Adrian R. G. Harwood
MEng (Hons), PhD
Who Am I?
I am a Senior Research Software Engineer and former University Lecturer working in Research IT at The University of Manchester, UK. I am responsible for leading the development of Mobile and GPU applications for research projects across the university.
I completed my undergraduate master’s degree in Aerospace Engineering (MACE) at The University of Manchester. During this time I worked for Rolls-Royce throughout the UK on the design of safety-critical systems including thrust reverser control for corporate aviation gas turbine engines. Having been award the prestigious Alumni Research Impact Scholarship, I completed my PhD in aero-acoustics in 2014, also at The University of Manchester, developing novel numerical methods and models associated with the scattering of acoustic waves in general environments. This research yielded a collection of practical methods for enhancing hybrid noise prediction.
As a Research Associate (and later Fellow) in the school, I led the development of the LUMA (Lattice-Boltzmann @ the University of Manchester) software project, a multi-grid, many-core Fluid-Structure Interaction solver written in C++. It is based on coupling the Lattice-Boltzmann Method and the Finite Element Method. LUMA is currently being applied in the fields of aerodynamics, bio-engineering and flow control to develop new engineering solutions through its simulations.
I became a permanent academic at the University in 2018 focusing on developing real-time physics simulation coupled with interaction. My research develops energy-efficient simulation tools for virtual engineering and incorporates exciting technologies such as mobile devices, depth-sensing cameras, image processing and virtual/augmented reality. I changed my academic position for a leadership role in professional services in 2019 where I now lead research software engineering projects in mobile and GPGPU applications, connecting me with research groups across the university.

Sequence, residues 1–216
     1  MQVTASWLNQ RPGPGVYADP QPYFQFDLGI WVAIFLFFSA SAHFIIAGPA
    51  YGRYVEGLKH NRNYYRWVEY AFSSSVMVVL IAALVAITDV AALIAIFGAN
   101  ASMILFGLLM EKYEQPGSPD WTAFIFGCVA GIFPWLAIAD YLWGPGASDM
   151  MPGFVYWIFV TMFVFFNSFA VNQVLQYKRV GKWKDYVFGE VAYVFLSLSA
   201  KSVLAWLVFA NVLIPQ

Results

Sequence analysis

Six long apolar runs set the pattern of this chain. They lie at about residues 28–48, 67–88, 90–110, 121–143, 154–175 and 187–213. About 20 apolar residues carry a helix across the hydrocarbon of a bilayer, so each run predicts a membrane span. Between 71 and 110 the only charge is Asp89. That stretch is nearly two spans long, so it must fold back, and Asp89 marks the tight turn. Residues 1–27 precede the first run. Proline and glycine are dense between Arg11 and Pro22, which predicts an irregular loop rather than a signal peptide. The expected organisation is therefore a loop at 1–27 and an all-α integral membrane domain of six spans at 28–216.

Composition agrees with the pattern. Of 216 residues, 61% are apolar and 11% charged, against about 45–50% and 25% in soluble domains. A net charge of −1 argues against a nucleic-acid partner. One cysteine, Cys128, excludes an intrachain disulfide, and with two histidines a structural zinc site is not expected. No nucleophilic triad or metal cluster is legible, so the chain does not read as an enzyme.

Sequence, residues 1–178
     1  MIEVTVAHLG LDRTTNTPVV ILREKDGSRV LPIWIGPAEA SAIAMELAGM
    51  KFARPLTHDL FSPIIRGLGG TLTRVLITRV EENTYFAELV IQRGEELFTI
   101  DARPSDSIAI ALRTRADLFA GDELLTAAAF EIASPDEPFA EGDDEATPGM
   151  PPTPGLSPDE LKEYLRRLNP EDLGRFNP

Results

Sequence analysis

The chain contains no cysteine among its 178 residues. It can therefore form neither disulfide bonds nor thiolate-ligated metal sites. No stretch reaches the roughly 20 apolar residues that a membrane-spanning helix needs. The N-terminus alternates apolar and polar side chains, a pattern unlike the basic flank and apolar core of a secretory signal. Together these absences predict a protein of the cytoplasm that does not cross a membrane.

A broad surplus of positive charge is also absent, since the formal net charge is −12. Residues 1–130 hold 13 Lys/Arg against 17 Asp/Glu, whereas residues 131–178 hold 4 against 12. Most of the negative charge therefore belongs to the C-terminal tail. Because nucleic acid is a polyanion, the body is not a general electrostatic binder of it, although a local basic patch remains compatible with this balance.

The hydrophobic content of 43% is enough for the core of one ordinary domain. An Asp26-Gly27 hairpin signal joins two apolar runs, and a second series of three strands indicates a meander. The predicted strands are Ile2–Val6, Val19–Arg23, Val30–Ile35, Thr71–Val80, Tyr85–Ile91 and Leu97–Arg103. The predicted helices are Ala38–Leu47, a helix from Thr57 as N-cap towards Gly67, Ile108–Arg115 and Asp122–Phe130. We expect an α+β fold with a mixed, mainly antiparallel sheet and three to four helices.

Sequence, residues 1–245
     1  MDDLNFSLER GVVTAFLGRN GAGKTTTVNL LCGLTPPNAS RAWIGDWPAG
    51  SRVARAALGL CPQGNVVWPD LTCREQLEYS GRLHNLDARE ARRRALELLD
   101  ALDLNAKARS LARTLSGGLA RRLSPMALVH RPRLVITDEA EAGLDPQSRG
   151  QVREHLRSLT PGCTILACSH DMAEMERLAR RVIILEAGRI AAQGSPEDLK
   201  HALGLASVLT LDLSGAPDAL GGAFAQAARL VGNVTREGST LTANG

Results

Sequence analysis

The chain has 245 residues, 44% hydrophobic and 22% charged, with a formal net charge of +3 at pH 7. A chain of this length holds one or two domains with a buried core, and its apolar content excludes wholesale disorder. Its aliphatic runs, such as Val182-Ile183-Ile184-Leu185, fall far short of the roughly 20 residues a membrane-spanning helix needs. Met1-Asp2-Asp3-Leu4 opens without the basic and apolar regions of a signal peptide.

My research themes explore a number of opportunities by developing scientific modelling and simulation software for emerging hardware platforms with a view of increasing software scalability as well as user engagement and interaction with simulation.
I have previously led the development of two in-house simulation applications (LUMA and its GPU-accelerated brother LUMIS). Both are fully object oriented, modular and benefit from the use of version control to allow distributed development and testing. LUMA is used by our research group and our collaborators on the UK's national super-computing facility ARCHER.
LUMIS is complete framework for virtual engineering using fluid flow simulation based on the original LUMA initiative. It targets real-time, interactive computational fluid dynamics (CFD) technologies. It is written in CUDA C/C++ and is being developed for multiple GPUs to perform near-real-time simulation in 3D.
I also have an Android application powered by the LUMIS kernel to allow users to carry a real-time CFD simulation in their pocket. I am continuously looking to identify roles within industry and teaching and learning for mobile simulation of this kind. I like to broaden my experience and knowledge through interdisciplinary projects and look to explore new and exciting applications of technology.
Areas of particular interest are:
HPC (GPU/Many-core CPU)
Mobile Computing (Android-based)
Engineering Visualisation (AR/VR)
Real-time Computational Acoustics